Bullying Facts of Children- Preventive Way

Cyberbullying,bullying,online bullying,cyberbully,Prevent Cyber Bullying

No parent wants to believe their child is a cyberbully. Who can blame them? The truth is that more than half of all American kids experience cyber bullying either as a participant, victim, or bully. If you believe your child may be a cyberbully there are some steps you can take to find out.

Ways to Assess Child Bullying:

1) Look for Common Warning Signs of Cyber Bullying:

The Illinois Attorney General’s Office published a checklist of warning signs to look for if you think your child may be a cyberbully.

Some of the most common warning signs include your child:

  • minimizing the computer screen whenever an adult enters the room
  • refusing to talk about their social interactions
  • owning multiple accounts, and altering someone else’s photo

They may also show a few psychological issues like depression, anxiety, stress, etc.

2) Ask Your Child:

Direct and simple. If you think your child is being cyberbullied, one of the easiest ways to find out is to ask them openly. Hopefully, they will tell you the truth, but if not it shouldn’t be too tough to read their reaction to the question. Explain to your child what a cyberbully is and ask if they have ever participated in those types of actions.

3) Talk To Other Teachers and Parents:

If you suspect that your child is involved in online bullying contact other parents or your child’s teachers to ask if they are aware of any incidents involving bullying. Asking this question may seem a bit awkward or embarrassing at first but it is especially important that parents are proactive with regard to their child’s online activities.

4) Log In to Your Child’s Account (With Their Permission):

Unless you feel the need to take immediate drastic measures you could ask your son or daughter if he or she would feel comfortable letting you ‘snoop’ for a bit. If they agree, let them sit next to you while you browse their profiles, messages, and pictures.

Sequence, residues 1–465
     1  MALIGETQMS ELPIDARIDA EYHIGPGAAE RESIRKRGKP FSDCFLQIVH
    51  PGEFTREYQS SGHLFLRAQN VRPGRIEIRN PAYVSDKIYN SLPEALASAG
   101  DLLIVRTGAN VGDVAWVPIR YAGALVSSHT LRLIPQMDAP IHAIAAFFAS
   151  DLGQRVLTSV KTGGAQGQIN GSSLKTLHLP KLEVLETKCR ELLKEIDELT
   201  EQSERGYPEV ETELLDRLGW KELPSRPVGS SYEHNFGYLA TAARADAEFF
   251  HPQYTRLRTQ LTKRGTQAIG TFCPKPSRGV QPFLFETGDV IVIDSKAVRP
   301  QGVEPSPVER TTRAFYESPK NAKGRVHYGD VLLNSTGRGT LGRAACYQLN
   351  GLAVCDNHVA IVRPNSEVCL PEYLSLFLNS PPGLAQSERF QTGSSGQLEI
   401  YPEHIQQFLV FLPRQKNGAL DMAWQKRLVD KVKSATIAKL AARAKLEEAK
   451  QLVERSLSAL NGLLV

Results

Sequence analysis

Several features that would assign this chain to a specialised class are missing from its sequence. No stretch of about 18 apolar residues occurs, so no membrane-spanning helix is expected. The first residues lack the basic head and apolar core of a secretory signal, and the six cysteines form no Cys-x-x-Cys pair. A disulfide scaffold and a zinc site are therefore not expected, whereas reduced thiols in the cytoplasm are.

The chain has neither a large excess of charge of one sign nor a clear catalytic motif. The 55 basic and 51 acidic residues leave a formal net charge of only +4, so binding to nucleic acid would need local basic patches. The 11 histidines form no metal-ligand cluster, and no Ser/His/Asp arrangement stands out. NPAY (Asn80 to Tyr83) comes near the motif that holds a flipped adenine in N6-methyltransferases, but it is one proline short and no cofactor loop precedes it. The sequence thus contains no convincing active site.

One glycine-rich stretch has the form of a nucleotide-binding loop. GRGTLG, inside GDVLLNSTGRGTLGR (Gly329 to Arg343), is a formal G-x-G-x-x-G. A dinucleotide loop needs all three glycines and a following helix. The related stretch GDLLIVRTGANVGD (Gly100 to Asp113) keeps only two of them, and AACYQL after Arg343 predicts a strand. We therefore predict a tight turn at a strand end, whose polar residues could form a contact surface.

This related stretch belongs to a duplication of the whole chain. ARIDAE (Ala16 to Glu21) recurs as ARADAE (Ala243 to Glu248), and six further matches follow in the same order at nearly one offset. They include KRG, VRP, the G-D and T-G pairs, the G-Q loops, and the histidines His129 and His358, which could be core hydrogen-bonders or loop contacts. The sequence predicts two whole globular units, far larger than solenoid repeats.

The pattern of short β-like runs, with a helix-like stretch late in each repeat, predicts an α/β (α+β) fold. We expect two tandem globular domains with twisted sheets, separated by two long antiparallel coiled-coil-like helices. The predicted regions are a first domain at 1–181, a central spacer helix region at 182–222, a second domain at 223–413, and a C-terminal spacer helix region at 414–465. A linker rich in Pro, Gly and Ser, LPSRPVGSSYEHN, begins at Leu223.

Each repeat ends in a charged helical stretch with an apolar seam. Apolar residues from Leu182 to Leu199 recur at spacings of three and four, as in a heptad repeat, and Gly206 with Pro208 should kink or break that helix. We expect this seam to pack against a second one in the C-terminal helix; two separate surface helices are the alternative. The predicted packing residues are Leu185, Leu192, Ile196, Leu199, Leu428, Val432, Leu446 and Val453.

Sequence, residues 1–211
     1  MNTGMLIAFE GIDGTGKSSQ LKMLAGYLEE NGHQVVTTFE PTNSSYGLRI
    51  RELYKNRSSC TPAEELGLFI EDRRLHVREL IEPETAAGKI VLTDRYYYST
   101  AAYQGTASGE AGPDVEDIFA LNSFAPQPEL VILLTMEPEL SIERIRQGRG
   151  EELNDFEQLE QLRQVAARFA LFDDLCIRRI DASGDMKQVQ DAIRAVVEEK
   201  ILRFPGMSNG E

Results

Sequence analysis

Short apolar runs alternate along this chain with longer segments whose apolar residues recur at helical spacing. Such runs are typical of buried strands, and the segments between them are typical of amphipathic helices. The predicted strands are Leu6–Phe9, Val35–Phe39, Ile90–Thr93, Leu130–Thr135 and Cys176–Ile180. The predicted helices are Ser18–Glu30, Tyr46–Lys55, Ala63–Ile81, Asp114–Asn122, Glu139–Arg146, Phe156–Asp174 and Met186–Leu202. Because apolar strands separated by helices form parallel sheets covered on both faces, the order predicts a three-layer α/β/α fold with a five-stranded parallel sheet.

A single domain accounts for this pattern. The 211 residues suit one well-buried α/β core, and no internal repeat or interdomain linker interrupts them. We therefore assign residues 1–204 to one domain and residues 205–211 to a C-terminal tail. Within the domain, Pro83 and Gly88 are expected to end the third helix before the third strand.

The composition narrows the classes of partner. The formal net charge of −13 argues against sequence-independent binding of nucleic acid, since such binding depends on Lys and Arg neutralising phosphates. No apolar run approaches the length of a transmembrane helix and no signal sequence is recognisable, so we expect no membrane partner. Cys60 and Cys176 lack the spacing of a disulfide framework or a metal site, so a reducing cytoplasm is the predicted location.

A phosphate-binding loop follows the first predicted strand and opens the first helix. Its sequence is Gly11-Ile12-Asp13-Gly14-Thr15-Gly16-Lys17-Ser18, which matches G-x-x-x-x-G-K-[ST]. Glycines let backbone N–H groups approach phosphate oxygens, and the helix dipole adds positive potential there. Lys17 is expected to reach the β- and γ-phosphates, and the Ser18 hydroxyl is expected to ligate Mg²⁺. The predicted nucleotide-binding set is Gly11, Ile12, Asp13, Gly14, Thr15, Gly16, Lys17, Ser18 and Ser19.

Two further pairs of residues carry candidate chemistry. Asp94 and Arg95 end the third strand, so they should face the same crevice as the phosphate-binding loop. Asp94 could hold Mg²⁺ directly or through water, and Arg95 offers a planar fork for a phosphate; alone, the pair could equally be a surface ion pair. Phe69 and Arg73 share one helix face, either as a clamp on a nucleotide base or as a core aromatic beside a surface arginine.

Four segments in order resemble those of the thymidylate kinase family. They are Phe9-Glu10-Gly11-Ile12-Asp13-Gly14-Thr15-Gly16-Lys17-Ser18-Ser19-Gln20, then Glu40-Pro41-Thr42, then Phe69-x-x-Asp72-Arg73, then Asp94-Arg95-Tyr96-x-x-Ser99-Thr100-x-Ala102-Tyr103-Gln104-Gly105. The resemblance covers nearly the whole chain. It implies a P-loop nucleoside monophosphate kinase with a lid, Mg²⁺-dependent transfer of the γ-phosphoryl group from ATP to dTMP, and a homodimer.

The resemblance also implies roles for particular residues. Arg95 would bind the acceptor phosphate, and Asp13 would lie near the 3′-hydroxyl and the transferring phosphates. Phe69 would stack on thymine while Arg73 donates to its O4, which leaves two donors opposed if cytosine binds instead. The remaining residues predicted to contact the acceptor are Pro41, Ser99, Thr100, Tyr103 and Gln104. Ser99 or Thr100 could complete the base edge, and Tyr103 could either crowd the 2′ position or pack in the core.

Not all kids will agree to this request (especially the older teens) so do not let their disapproval automatically make you believe they are guilty. Everyone values their privacy.

5) Install Internet Monitoring Software on Your Computer:

Personally, I am not a fan of Internet monitoring software but I know there are many valid reasons to use it.

Parents and schools frequently use this type of software to monitor kids’ Internet actions and social interactions. I have two good friends that both use Internet monitoring software called PC Tattletale and they’re very happy with its results.

I would probably use this method as a last resort.

Hopefully, we have provided you with some useful guidelines to find out if your child is a cyberbully. Take the time to talk to your child about cyberbullying and explain to him or her the effect that it has on their peers. Check out another of our useful articles Ways to Prevent Cyberbullying.

How to Prevent Cyber Bullying?

Cyberbullying is prevalent in society and is increasing at an alarming rate. There are several steps that adults can take to limit and even prevent cyberbullying. There are also steps that children can take to prevent cyberbullying. These are outlined below:

Firstly, children must learn never to pass on a message that can be harmful or cruel. Also, it must be taught to children to never pass along photos that can be harmful or cruel.

The second thing that children can do is tell the person doing the cyberbullying to stop. If that does not work, then the child needs to tell a trusted adult.

Children who are allowed in chat rooms or on social media sites need to learn how to block someone. Blocking others is one of the most popular ways to prevent cyberbullying.

Children should learn never to post identifying information online and that information they would not give a stranger they should also not post online.

Children also need to work with the school community and community groups to organize campaigns to stop cyberbullying.

Parents need to recognize that cyberbullying is a fact, and learn how to prevent cyberbullying. Teach the child that if they would not want it said about them, then it is not acceptable to post it about someone else.

Secondly, monitor the child’s computer use. Keep a laptop or computer in a common room where everybody can get access easily, for instance, the living room. Set up a schedule for when the computer will be used. Also, establish what sites the child can visit.

Be sure and listen to the child. Watch for signs that the child is becoming withdrawn. This can signal that cyberbullying is occurring.

Be sure and listen to the child. Watch for signs that the child is becoming withdrawn. This can signal that cyberbullying is occurring.

Be involved in a child’s life. Take time to be the child’s friend. Make sure the parent is open to listening to the child. Open communication is key.

Parents need to be involved in school groups and community groups about cyberbullying. If none exists, make sure and start one.

The truth is cyber bullying facts are scary. Both children and parents must be proactive in stopping it.

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